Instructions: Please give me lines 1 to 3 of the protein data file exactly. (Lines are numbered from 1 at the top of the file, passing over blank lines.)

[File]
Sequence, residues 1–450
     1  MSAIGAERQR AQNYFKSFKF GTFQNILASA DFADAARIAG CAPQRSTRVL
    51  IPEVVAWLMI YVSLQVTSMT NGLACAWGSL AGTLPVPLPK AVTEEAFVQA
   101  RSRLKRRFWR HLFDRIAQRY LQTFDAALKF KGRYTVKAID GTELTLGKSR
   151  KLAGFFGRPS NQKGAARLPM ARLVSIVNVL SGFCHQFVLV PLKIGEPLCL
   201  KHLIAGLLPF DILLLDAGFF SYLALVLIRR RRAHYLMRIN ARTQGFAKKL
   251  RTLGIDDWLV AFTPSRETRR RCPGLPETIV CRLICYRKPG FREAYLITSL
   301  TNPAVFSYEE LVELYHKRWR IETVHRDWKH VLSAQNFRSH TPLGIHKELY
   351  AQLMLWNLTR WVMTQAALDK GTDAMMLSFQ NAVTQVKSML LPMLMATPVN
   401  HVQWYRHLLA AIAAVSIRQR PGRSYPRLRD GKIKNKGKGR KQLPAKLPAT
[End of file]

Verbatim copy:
Sequence, residues 1–450
     1  MSAIGAERQR AQNYFKSFKF GTFQNILASA DFADAARIAG CAPQRSTRVL
    51  IPEVVAWLMI YVSLQVTSMT NGLACAWGSL AGTLPVPLPK AVTEEAFVQA